Some accounts trace the birth of the term to 2006, when large companies such as Google and Amazon began using “cloud computing” to describe the new model in which people are increasingly accessing software, computer power, and files over the Web instead of on their desktops.
Cloud Delivery or Service Models
According The National Institute of Standards and Technology (NIST), “cloud computing is a model for enabling ubiquitous, convenient, on-demand network access to a shared pool of configurable computing resources (e.g., networks, servers, storage, applications, and services) that can be rapidly provisioned and released with minimal management effort or service provider interaction.” A corporate trend among several businesses is the introduction of cloud-based systems. Here is an overview of the three more common types implemented in many businesses.
- Software as a Service (SaaS): Software as a service (SaaS) replaces the traditional on-device software with software that is licensed on a subscription basis. It is centrally accommodated in the cloud. Without any downloads or installations, most SaaS applications can be accessed directly from a web browser. However, some SaaS applications require plugins. Using the cloud, software such as an internet browser or application can become a usable tool.
- Platform as a Service (PaaS): Platform as a Service (PaaS) allows organizations to build or construct, run and manage applications without the IT infrastructure. This makes it simple and faster to develop, test and organize applications. Developers can emphasis on writing code and produce applications without stressing about time-consuming. IT infrastructure activities such as provisioning servers, storage, and backup. It can diminish your management overhead and lower your costs.
- Infrastructure as a Service (IaaS): It is like buying electricity. You need to pay only for according to your use. This model enables companies to add, delete or reconfigure IT infrastructure on-demand. Most IT organizations trust on IaaS because they are more acquainted with IaaS, specifically if they are experienced with virtual environments or strict security and regulatory requirements that can only be met through IaaS.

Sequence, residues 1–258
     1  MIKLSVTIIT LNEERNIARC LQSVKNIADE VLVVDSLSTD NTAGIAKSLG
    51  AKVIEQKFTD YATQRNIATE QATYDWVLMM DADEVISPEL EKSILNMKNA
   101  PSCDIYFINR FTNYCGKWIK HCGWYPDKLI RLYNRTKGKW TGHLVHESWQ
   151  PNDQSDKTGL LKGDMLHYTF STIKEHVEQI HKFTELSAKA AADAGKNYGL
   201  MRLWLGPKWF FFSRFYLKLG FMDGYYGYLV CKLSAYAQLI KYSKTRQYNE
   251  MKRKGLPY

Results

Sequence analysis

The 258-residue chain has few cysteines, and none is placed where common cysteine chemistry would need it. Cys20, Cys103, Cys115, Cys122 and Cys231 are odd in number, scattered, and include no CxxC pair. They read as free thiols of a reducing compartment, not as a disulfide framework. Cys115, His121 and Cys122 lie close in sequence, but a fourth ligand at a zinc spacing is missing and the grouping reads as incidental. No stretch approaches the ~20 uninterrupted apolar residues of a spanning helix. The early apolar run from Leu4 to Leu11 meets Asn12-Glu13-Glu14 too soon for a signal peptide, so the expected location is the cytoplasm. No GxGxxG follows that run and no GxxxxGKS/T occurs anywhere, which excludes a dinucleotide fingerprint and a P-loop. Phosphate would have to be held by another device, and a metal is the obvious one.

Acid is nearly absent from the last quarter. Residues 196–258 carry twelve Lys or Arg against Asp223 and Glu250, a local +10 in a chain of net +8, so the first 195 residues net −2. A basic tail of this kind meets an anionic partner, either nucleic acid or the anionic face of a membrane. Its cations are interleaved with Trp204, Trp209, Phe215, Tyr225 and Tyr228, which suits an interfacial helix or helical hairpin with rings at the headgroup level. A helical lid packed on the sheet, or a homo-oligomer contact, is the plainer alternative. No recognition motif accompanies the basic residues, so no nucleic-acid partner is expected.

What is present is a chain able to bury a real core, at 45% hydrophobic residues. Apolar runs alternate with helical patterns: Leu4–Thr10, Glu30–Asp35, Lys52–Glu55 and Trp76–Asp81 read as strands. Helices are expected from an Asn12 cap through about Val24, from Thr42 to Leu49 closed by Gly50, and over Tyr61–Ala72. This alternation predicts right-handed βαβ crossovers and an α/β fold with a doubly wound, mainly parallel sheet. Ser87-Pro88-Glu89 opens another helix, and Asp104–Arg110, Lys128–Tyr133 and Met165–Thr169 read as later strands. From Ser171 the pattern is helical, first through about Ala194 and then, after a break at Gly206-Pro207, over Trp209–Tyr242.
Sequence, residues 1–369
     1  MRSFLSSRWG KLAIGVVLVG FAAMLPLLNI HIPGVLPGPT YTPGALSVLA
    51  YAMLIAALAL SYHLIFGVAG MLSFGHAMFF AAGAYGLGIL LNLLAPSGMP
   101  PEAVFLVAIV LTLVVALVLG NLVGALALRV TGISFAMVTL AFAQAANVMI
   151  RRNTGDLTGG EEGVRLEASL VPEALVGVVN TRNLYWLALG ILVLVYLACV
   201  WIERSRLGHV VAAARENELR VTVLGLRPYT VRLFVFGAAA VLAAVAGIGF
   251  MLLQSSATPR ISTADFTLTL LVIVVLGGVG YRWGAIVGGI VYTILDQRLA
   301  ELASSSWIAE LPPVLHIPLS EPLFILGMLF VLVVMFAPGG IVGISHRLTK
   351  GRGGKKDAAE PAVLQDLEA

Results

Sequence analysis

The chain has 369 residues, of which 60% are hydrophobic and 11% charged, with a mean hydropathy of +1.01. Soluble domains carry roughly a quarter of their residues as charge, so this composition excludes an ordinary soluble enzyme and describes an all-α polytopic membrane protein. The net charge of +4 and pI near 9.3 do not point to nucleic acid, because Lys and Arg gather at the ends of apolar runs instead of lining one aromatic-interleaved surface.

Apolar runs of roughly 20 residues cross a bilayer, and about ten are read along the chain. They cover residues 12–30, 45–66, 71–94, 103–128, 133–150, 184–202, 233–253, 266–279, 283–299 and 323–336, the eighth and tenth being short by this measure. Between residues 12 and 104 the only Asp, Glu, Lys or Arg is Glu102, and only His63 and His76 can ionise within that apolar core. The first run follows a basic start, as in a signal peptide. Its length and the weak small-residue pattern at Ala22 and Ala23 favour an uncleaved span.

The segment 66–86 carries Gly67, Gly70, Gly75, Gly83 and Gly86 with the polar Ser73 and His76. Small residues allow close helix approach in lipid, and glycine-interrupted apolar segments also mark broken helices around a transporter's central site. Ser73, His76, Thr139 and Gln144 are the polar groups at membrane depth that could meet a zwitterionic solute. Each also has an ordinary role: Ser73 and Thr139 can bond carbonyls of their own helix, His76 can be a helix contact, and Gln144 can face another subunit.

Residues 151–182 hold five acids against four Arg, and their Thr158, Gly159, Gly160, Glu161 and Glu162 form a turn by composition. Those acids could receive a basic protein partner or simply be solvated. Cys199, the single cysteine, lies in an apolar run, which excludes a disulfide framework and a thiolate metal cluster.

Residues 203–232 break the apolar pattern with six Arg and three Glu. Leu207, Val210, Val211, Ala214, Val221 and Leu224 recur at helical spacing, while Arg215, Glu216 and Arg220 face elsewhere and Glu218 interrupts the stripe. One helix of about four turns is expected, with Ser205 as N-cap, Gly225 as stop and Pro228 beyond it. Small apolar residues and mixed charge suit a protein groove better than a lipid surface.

Types of Cloud Deployment
All clouds are not equivalent. Cloud computing can be divided into three different ways to deploy computing resources: public cloud, private cloud and hybrid cloud.
- Public Cloud: Public clouds are possessed and functioned by a third-party cloud service provider, which bring their computing resources like servers and storage over the Internet. Microsoft Azure is a model of a public cloud. All hardware, software, and other supporting infrastructure is owned and managed by the cloud provider with a public cloud. You access these services and manage your account using a web browser.
- Private Cloud: A private cloud denotes to cloud computing resources used exclusively by a single business or organization. A private cloud can be tangibly situated on the company’s on-site data center. A private cloud is one in which the services and infrastructure are maintained on a private network.
- Hybrid Cloud: Hybrid cloud is a combination of different clouds, be it private, public, or a mix. Hybrid cloud gives businesses greater flexibility and more deployment options.
- Multi-Cloud: A multi-cloud strategy is the use of two or more cloud computing While a multi-cloud deployment can refer to any implementation of multiple software as a service (SaaS) or platform as a service (PaaS) cloud offerings, today, it refers to a mix of public infrastructure as a service (IaaS) environments, such as Amazon Web Services and Microsoft Azure.
Benefits of Cloud Computing
- Low costs
- Anytime, anywhere access
- High availability
- Worldwide Access
- More Storage
- Easy Set-Up
- Automatic Updates
In A Nutshell
Organizations are increasingly enjoying the benefits gained through cloud computing, whether through a single or multi-cloud approach. When defining or refining your cloud strategy, then, the real question you need to be examining is ‘do the benefits outweigh the risks’, with a deep understanding of how the cloud will be used and managed in your organization, taking into consideration the factors discussed here.